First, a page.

European antitrust officials have widened their investigation into Microsoft's browser practices to include four different allegations against Windows 8 and Windows RT, a government spokesman said Wednesday.
Antoine Colombani from the European Commission's antitrust agency confirmed that the inquest, originally opened Tuesday to look into Windows 7, has expanded to cover accusations leveled at Windows 8 and Windows RT.
Reuters first reported some of the new claims early Tuesday.
"We will indeed look at these allegations made by third parties in the context of the investigation opened yesterday on Microsoft's compliance with our December 2009 decision," said Colombani in an email reply to questions Wednesday.
Two of the charges raised by outsiders -- which the commission would not name -- had been reported by Reuters, and revolve around APIs (application programming interfaces) in Windows 8 and Windows RT that Microsoft has allegedly withheld from rival browser makers.
Windows RT has garnered the most attention, as Mozilla and Google have expressed frustration over Microsoft's policy of blocking access to special APIs in that edition. Mozilla has claimed that without those APIs, it cannot build a browser competitive with Internet Explorer 10 (IE10) on tablets.
The Windows 8 APIs relate to what Colombani called "non-default browsers in Windows 8." Although he did not elaborate, Colombani may have been referring to a Windows 8 practice that prevents a browser's Metro version from running unless its desktop edition has been designated by the user as the system default.
Microsoft sets IE10 as the default browser in Windows 8. Users can change the default, but they may not know where the option is located.
Additionally, said Colombani, the commission is scrutinizing two other allegations.
One relates to Microsoft's practice of providing co-marketing funds to OEMs, or original equipment manufacturers, such as Dell, Hewlett-Packard and Lenovo.
"Third parties allege that Microsoft is acting in violation of the browser commitments by discouraging computer manufacturers (OEMs) by means of payments or withholding payments under marketing programmes from setting third-party browsers as default in Windows 8," Colombani said.
According to the agreement that Microsoft signed in December 2009, it cannot set conditions that forbid OEMs from installing other browsers on their PCs. Nor can the company retaliate against an OEM that distributes third-party browsers like Chrome, Firefox, Opera or Safari.
The fourth and final accusation claims that Microsoft does not display the browser choice screen on devices running Windows RT.
The browser choice ballot was the centerpiece of the 2009 settlement, which required Microsoft to give users easier access to rivals' Web browsers.
According to the agreement, which expires at the end of 2014, the browser choice screen must appear in all copies of Windows, including Windows 8. Previously, the commission had declined to say whether it believed Windows RT, the offshoot designed for ARM processor-powered tablets, was covered by the deal.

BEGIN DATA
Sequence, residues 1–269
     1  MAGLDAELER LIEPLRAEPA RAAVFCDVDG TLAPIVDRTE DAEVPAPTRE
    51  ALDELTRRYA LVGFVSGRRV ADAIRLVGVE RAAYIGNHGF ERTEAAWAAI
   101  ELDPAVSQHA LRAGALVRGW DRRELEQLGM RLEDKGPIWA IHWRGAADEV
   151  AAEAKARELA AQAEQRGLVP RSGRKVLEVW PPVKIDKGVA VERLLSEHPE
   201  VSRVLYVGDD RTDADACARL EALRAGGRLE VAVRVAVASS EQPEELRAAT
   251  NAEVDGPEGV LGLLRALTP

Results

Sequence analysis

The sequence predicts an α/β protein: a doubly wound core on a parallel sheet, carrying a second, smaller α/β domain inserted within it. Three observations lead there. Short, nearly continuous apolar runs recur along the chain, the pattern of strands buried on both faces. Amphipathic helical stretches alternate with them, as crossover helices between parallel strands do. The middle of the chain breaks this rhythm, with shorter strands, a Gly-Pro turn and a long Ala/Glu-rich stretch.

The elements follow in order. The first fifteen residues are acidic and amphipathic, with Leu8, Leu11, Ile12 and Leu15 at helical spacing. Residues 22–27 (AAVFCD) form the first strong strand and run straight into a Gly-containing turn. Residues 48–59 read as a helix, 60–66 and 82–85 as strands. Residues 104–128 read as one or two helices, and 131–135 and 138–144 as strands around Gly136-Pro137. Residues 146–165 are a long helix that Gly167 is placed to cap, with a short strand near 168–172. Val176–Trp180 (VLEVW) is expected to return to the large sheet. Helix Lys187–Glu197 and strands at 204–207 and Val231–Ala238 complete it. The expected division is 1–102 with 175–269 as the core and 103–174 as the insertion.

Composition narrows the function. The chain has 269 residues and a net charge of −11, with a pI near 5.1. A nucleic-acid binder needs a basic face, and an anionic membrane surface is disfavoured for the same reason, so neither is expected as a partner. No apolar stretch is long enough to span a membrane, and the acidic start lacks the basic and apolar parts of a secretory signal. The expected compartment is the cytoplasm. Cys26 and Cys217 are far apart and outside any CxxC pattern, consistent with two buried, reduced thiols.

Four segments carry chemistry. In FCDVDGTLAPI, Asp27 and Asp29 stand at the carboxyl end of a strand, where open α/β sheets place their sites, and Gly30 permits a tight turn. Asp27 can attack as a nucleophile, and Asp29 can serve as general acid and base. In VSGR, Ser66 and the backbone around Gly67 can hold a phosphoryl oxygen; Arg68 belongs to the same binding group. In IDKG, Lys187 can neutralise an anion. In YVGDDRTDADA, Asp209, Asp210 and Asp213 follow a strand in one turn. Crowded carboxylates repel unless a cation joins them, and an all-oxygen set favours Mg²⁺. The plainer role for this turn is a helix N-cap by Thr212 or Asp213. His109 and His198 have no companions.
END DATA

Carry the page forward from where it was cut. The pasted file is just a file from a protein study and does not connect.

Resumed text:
It appears that EU regulators are now prepared to ponder exactly that.
Although the commission refused to name the parties that reported the alleged violations, Mozilla has been vocal about the browser choice screen and Windows RT. In a May blog post, Mozilla's chief counsel, Harvey Anderson, argued that Windows RT should be held to the same requirements as Windows 8.
"If Windows on ARM is simply another version of Windows on new hardware, it also runs afoul of the EC browser choice commitments," Anderson said at the time.
But a browser choice screen in Windows RT may be hard to populate. No other browser maker has publicly committed to develop for the new operating system, although Google and Mozilla are working on Windows 8 versions of Chrome and Firefox that will include both desktop and Metro versions. The Metro-style Chrome and Firefox browsers should also run on Windows RT, albeit slower than IE10 if Microsoft is not forced to unblock access to Windows RT's APIs.
Microsoft's latest confrontation with the commission is reminiscent of the one that preceded Windows 7's launch in 2009.
In June 2009, near the end of Windows 7's development, Microsoft said it would ship the operating system without Internet Explorer 8 (IE8) to European customers to sidestep the commission pressure and keep Windows 7's launch on track.
For a time, Microsoft stuck to that plan -- it was going to call the European edition Windows 7 E -- but only weeks later it caved and agreed to a browser choice screen.
Windows 8 is much closer to completion than Windows 7 was three years ago when the commission pushed for a browser ballot. It would be very difficult, if not impossible, for Microsoft to modify Windows 8, Windows RT or both, and still make the Oct. 26 on-sale date for the former.
Microsoft has declined to comment on the commission's investigation beyond the statement it issued Tuesday.
Gregg Keizer covers Microsoft, security issues, Apple, Web browsers and general technology breaking news for Computerworld. Follow Gregg on Twitter at @gkeizer, on Google+ or subscribe to Gregg's RSS feed. His email address is [email protected].
Read more about browsers in Computerworld's Browsers Topic Center.